The casting is pitch-perfect, if again familiar-feeling. If you watch a lot of television, as I do, and much of it is comic book adaptations, as my viewing is, then this feels a little like a Repertory Theater of actors playing new roles for a season. That's him from Channel 4's Misfits, and her from Marvel: Agents of Shield (and also Misfits before that); and that's Howard Stark dressed up like a vicar. They are all great, as are the supporting cast, but it's certainly nothing outside of their range, or anything testing, or casting against type (apart from Ruth Negga, who has kept her brunette locks and isn't a blonde).

Other elements feel a little overly familiar too—and this isn't really the show's fault. Showing something about mind control that hits screens after the twisted triumph that is Jessica Jones doesn't really feel that fair a fight, and it's hard not to draw comparisons. The final scene of the pilot is only missing the cold grin of David Tennant's Kilgrave and it could be right out of an episode of that other series. Angels and demons seemed ten a penny a few years back, as do heavily armed, mysterious pairings in low-rent motel rooms. Even I've had enough of vampires on our screens, even if it's nice to see that Cassidy isn't depicted here as brooding and Byronic. The strong, bold graphics scream "I'm a comic book adaptation" but the whole package lacks the subtlety of other adaptations from comics—though Preacher was never all that subtle, so maybe it's okay.

Above all, the show feels a little bit predictable—solid but lacking innovation or new ideas. Part of this must be due to the seminal nature of the graphic novels. Work that good, percolated through the upper echelons of nerd culture for twenty years, is bound already to have inspired writers and directors left, right, and centre. Another aspect to this is the singularity of the source material. When you've got a coherent set of graphic novels to work from, and the people who created those are working on the live-action TV show—which has in turn clearly been a long time in production— there isn't the relative space to refresh anything more than a few references to keep things current. I wonder how much discussion there was about when to set it: in the period of the comics or in the present day? I wonder if setting it in the late 1990s would have set it aside from so much else that's on right now and given the show a much-needed edge on the competition.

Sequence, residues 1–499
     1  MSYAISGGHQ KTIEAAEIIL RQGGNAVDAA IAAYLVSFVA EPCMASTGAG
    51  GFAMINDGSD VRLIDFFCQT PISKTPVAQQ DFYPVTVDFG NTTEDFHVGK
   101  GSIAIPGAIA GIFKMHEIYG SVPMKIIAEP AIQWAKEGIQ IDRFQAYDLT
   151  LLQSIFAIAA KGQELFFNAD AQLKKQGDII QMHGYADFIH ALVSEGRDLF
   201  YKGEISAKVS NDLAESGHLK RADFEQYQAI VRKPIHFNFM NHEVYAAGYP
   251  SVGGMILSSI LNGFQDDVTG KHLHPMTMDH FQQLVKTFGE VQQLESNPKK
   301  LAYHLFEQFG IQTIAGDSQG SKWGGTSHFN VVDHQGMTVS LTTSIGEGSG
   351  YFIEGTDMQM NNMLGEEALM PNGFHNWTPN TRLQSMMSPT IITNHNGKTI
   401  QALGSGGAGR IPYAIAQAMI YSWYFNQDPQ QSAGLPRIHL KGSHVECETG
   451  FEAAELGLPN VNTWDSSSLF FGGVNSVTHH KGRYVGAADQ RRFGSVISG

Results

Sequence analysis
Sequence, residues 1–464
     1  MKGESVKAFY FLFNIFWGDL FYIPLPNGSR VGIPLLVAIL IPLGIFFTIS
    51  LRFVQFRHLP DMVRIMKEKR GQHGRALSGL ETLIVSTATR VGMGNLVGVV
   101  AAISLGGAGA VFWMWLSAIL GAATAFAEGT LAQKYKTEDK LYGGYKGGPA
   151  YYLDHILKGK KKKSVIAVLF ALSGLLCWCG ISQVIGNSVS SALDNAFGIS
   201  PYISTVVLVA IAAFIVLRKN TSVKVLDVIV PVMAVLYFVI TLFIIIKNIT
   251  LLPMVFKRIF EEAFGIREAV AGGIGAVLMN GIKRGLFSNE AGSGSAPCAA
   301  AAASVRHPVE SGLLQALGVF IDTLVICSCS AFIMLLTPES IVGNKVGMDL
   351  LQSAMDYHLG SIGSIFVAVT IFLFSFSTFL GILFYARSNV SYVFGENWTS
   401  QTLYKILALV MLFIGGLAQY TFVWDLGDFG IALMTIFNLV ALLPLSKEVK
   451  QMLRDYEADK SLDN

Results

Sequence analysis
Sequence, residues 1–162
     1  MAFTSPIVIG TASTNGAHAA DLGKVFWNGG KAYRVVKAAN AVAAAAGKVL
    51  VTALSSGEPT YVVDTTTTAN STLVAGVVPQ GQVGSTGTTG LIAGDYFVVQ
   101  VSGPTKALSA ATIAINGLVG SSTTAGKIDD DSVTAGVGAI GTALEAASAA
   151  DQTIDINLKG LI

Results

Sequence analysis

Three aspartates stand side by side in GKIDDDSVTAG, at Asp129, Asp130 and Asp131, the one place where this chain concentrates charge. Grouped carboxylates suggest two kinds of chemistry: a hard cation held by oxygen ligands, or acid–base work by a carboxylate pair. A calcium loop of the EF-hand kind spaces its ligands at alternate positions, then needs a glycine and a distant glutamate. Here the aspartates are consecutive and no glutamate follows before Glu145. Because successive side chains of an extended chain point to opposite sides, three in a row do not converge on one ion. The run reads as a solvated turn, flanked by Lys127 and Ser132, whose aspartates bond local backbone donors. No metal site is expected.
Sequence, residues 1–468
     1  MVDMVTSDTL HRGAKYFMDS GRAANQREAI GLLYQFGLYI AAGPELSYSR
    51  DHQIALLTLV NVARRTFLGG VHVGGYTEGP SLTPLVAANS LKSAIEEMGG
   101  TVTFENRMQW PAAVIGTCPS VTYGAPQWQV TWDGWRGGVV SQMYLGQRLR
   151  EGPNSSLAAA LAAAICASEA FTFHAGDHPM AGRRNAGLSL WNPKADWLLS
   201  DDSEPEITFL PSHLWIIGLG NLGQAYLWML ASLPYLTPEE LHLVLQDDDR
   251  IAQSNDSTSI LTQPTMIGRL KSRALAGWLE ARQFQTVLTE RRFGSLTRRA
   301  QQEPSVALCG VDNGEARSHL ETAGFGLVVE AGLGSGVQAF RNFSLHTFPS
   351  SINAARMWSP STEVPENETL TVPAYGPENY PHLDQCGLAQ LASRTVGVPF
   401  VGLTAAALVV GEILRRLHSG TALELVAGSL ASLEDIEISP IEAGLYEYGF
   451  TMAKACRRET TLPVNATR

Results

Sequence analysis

The show as it is, however, has worked hard to include fans of the comics, fans of the genre as a whole, and anyone who stumbles across it. It's just a shame that the series took so long to be turned into anything. Preacher gallops at a pace that suggests it doesn't know how long it has left in the cut-throat world of television shows, although now it's been picked up for a second thirteen-episode season maybe it can afford to slow down a little and build on the relationships it's started to form, and the world it has begun to flesh out. I hope it can find its audience and generate a little love in the crowded field in which it finds itself. A critical reception and high average score on Rotten Tomatoes won't be enough to keep it afloat on its own—the show will need social media chatter, cosplay contests on Tumblr, themed cocktails on Pinterest and the like—and above all a sense that it's unmissable television. It's a while off of that yet.

Nia has been a keen aficionado of science fiction since she can remember, particularly post-apocalyptic contagion narratives. She fits in reading books, playing all kinds of games, binge watching television, and devouring comics in the rare breaks from her actual job of teaching Games Design at a UK university.



Nia has been a keen aficionado of science fiction since she can remember, particularly post-apocalyptic contagion narratives. She fits in reading books, playing all kinds of games, binge watching television, and devouring comics in the rare breaks from her actual job of teaching Games Design at a UK university.